According to Energy Star, an organization promoting energy efficiency, the maximum tax credit for all improvements is $500 during the two-year period of the credit, which applies to property improvements made between Jan. 1, 2006, and Dec. 31, 2007.

For more information, see Energy Star:
www.energystar.gov/index.cfm?c=products.pr_tax_credits#s2

8: Moving costs

Buyers and sellers moving at least 50 miles from their last address and who move within one year of starting a new job may deduct moving costs, storage costs or moving-related travel costs such as lodging and food.

To qualify, you must prove you've worked at least 39 of 52 weeks at your new job once the move is complete.

9: Mortgage tax credits

For lower-income buyers planning to get into their first home this year, now's the time to investigate whether you're eligible for a federal tax credit for up to 20 percent of mortgage interest paid on the home when you file 2007 taxes.

This state program requires that buyers secure a mortgage-credit certificate.

The certificate program has rules about minimum and maximum household income, prices of homes purchased and locations of the homes.

However, many of these restrictions are shifting, especially with respect to the location, says Dee Taylor, director of the Washington State Finance Commission.

"We're relaunching this," Taylor says. "This is an incredibly powerful tool."

Here's how it works: Buyers who expect to pay $6,000 in mortgage interest during a year of ownership would, under the program, qualify for a federal $1,200 tax credit (20 percent of the mortgage interest total) and pay only $4,800 in mortgage interest.

The $4,800 in mortgage interest paid would still be deductible, Taylor says.

"Under this program you don't make more money, but you keep more disposable income," Taylor says.

Buyers hoping to qualify for mortgage-credit certificates must seek them out before closing on their home loan.

To date, lenders originating loans that carry the credit include Countrywide Home Loans, Eagle Home Mortgage, First Mutual Bank, HomeStreet Bank, National City Mortgage and Seattle Metropolitan Credit Union. For more information, check: www.wshfc.org/buyers/MCCprogram.htm

10: Vacation/second home

If you own a second home, you are eligible for many of the same tax breaks that apply to a primary home — deductions for mortgage interest and property taxes, capital-gains exemptions, etc.

That's because the IRS allows the above-listed deductions on one primary home plus one second home.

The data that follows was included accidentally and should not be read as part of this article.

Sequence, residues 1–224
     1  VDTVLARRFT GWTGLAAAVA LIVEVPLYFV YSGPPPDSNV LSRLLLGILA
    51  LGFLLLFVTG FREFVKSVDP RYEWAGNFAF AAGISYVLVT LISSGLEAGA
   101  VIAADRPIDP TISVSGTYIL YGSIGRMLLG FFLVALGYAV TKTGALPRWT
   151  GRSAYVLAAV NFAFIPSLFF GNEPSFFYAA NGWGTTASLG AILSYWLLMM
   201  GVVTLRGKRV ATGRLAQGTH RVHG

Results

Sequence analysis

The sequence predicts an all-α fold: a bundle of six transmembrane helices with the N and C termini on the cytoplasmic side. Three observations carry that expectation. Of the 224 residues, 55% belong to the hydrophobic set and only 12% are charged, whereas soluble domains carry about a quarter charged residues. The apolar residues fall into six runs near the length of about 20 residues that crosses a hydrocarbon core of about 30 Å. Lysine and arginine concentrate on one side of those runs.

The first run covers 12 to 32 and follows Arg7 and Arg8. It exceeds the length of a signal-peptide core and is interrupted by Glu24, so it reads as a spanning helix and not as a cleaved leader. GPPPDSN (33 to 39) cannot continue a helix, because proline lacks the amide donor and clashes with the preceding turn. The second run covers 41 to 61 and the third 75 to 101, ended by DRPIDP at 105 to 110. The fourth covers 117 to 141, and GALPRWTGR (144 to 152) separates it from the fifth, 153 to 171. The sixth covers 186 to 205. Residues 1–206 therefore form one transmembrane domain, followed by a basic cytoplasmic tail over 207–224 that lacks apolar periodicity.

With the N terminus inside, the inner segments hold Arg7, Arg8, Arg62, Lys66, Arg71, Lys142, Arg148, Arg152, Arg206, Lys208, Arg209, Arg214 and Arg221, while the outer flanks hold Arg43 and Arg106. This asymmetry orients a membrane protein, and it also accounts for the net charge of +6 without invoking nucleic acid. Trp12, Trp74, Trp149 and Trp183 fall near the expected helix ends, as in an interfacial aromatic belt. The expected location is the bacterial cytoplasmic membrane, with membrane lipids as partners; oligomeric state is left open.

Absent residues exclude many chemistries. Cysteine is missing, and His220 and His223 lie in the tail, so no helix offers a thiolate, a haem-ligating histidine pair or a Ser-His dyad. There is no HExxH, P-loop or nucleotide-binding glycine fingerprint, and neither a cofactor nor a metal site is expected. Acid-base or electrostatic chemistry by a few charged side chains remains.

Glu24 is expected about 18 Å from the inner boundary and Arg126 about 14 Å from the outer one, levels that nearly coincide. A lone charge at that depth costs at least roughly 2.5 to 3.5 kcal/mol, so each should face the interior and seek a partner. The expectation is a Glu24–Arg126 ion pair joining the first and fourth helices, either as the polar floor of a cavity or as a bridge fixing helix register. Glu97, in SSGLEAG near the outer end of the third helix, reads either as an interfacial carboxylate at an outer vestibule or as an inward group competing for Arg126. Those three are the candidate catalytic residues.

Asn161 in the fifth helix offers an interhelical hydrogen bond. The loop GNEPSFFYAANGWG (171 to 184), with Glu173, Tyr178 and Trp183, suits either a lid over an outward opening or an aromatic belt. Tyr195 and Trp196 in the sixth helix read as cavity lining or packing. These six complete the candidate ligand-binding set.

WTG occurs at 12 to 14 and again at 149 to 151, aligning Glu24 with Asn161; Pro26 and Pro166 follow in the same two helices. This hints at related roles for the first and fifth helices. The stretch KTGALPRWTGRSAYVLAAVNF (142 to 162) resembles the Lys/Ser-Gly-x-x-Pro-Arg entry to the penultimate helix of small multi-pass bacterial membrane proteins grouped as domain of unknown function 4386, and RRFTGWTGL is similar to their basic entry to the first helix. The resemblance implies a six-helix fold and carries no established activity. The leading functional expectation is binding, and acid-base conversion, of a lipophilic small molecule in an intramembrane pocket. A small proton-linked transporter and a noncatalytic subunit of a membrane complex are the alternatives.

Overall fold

What that second home means to you, however, determines the extent of the deductions you're allowed to take.

If you rent the second home out, you will need to decide whether you are, for tax purposes, treating the place as investment property (renters spend more time in it than you) or as a personal retreat (you spend more time in it than renters).

Deductions will differ depending on your decision.

The IRS has a "14-day test" to help you determine how to classify your property.

If you use the home fewer than 14 days a year, or less than 10 percent of the days it's rented to outsiders each year, whichever is greater, your home is an investment property.

If you use the home 15 or more days a year, or more than 10 percent of the time you rent it out, it's a "second home."

Your "workdays" on the property (i.e., days spent doing maintenance) don't count toward the 14-day test.

If your property counts as a second home, you can collect 14 days of rent without paying taxes on that income, as well as many of the same deductions you get on your primary home.

If your property counts as an investment property, your returns may become more complex.

This means the home has taxable income (from renters), as well as operating costs (maintenance, advertising, management-firm fees, etc.), depreciation and a total profit or loss each year.

You can reflect this on your taxes in the form of deductions.

If you historically used the home one way (say, as a vacation retreat) and are shifting use (say, renting that vacation place out all season), talk to a tax professional about how to document the shift on your tax forms and with deductions.

The book "How to Rent by Owner" by Christine Hrib Karpinski offers many tax and other financial tips for vacation-home owners.

The Web site is: www.howtorentbyowner.com.

Copyright © The Seattle Times Company